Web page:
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My dog Luma is a puppy mill mama dog. She is roughly 6 years old and the only life she has known is living outside, on concrete, having litter after litter. She is also blind in one eye, most likely due to an injury per the vet. Luma spent 9 months in foster care and was adopted once then returned because the person did not know what they were getting into.

We adopted Luma 3 months ago. We knew what we were getting, we read study after study on puppymill dog recovery. We also had a nice well adjusted dog in the home for her to look to for guidance.

Progress has been painfully slow. She is just so afraid of everything and very skittish. Having our other dog Eevee seemed to help her. They started sleeping together and she followed Eevee all over the yard. Luma even started approaching us for pets when she saw Eevee getting attention.

Last month things started going downhill. Eevee passed away suddenly and Luma seems to be having trouble. She will now sometimes come up to me but will run if I move too suddenly. She has stopped approaching my husband all together. It's gotten to the point she won't go near him if I am home and now I have to go stand by the door for her to go outside. Otherwise she will not go outside for him.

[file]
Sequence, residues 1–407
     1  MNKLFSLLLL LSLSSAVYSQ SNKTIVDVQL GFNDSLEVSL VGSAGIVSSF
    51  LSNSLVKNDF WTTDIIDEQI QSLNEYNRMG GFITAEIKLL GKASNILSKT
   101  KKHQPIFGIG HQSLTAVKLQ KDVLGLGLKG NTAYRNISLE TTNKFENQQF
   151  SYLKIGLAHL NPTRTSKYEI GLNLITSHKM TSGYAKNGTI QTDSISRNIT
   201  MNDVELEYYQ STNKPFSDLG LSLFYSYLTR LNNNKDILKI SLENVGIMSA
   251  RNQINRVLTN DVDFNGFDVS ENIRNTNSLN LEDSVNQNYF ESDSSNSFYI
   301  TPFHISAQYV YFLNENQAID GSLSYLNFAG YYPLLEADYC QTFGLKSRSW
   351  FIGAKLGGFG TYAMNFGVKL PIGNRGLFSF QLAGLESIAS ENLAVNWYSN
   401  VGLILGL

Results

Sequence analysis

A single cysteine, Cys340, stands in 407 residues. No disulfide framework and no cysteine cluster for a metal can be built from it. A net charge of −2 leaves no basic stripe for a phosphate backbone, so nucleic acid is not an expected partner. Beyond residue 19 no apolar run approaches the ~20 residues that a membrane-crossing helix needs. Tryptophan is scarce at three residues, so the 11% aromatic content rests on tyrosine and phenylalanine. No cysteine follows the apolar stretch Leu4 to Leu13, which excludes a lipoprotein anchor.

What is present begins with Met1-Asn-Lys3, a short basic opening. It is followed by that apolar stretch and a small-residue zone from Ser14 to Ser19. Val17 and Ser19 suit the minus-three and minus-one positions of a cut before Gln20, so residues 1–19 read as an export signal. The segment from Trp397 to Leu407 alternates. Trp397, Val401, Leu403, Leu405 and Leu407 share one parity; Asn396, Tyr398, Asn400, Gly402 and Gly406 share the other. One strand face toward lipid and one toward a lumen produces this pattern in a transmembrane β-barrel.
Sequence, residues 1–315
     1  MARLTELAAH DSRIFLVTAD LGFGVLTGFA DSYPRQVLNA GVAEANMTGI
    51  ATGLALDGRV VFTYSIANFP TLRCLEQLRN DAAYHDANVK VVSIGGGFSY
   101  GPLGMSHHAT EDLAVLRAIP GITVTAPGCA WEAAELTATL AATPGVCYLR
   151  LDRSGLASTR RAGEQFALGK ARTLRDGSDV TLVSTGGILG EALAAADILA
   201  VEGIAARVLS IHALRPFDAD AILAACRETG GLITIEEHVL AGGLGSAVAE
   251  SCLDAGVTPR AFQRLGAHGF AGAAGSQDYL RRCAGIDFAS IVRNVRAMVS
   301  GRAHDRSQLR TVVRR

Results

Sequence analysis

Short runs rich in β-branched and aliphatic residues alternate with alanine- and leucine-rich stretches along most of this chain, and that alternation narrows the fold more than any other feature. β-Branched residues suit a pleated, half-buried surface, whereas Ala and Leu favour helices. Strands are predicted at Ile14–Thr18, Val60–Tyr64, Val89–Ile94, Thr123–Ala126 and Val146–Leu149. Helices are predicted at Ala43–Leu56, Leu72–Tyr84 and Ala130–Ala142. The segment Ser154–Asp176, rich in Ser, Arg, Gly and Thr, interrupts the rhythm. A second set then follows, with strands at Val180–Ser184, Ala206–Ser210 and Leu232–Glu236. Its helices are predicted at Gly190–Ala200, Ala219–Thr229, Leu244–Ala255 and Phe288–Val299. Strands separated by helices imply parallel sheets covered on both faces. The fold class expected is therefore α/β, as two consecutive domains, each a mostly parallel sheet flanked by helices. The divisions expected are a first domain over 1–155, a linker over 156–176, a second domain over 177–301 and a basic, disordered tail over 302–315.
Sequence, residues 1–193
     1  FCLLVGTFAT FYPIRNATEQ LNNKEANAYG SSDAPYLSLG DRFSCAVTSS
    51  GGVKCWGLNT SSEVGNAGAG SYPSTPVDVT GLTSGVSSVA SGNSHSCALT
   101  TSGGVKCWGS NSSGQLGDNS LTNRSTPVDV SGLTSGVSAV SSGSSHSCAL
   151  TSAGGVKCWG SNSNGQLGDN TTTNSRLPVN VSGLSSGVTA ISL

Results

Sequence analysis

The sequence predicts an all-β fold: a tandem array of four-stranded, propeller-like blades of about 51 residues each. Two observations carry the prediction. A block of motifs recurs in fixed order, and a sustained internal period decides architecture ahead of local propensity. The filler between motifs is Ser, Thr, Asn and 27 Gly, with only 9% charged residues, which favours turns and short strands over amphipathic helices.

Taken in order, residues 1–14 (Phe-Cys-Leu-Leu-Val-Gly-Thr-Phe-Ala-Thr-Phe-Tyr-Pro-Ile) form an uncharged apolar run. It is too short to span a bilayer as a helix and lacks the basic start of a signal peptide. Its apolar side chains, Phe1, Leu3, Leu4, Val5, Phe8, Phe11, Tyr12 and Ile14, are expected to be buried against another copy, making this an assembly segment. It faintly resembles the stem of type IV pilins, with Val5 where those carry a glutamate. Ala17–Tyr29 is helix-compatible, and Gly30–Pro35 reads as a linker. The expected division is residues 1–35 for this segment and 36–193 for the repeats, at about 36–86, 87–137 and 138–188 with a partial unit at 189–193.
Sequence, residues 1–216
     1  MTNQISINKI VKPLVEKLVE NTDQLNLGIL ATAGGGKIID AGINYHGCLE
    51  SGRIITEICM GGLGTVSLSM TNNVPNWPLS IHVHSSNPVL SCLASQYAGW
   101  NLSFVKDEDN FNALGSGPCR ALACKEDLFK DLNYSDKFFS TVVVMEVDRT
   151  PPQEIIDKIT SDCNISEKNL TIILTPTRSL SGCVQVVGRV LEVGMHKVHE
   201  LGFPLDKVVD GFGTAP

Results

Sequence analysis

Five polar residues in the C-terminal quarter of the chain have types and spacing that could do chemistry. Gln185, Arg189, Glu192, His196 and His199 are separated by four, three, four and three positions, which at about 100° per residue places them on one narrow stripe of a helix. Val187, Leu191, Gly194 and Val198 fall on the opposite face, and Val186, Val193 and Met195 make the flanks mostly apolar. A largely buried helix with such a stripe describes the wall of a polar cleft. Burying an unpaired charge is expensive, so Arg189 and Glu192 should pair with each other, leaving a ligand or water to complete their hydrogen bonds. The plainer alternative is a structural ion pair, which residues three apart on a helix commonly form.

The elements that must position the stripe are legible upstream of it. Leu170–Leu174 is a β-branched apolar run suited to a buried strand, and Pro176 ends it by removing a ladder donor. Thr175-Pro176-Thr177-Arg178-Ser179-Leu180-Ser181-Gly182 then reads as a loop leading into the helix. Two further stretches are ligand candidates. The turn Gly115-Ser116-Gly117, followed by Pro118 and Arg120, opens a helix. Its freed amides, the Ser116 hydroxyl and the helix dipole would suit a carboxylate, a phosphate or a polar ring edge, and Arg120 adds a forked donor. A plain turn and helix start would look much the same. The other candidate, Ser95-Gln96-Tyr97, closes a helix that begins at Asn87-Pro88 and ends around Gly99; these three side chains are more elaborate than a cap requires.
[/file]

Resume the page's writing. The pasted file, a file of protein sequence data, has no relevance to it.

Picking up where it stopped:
On top of all that we have been grieving. But Luma is not the kind of dog you can just pick up and cry with. I find myself getting frustrated more and more with her. Her regression has been tough to deal with and overwhelming. I feel like I'm failing her.

We are working with the rescue to adopt another dog. They keep telling me how amazing I am for adopting Luma and they thought she would never be adopted. It makes me feel guilty for getting so frustrated with her. I don't feel all that amazing for adopting her. I just want her to be happy but she isn't, she's scared.

The house doesn't even feel like a dog lives there. Part of the reason we are adopting again so soon is to have another dog in the house. One that is a bit more "normal." I love dogs and I love shy dogs but she is straining my patience. I know she's trying and some things are better. She is my shadow and gets so happy when I come home, even though I cannot pet her. I love seeing her outside rolling in the grass and sniffing around. She's finally able to just be a dog.

I just want what's best for her. Hopefully as time moves forward we will started to see more progress, I just needed to get this off my chest.
 

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That's really tough. And it is really great of you to adopt her! I actually think it's a good idea to get another dog. Luma isn't going to fill that normal dog role in your life, she's probably always going to be "special" so it might take some pressure off of her if you have another dog to interact with. The other dog may also help her come out of her shell as Eevee did. Good luck.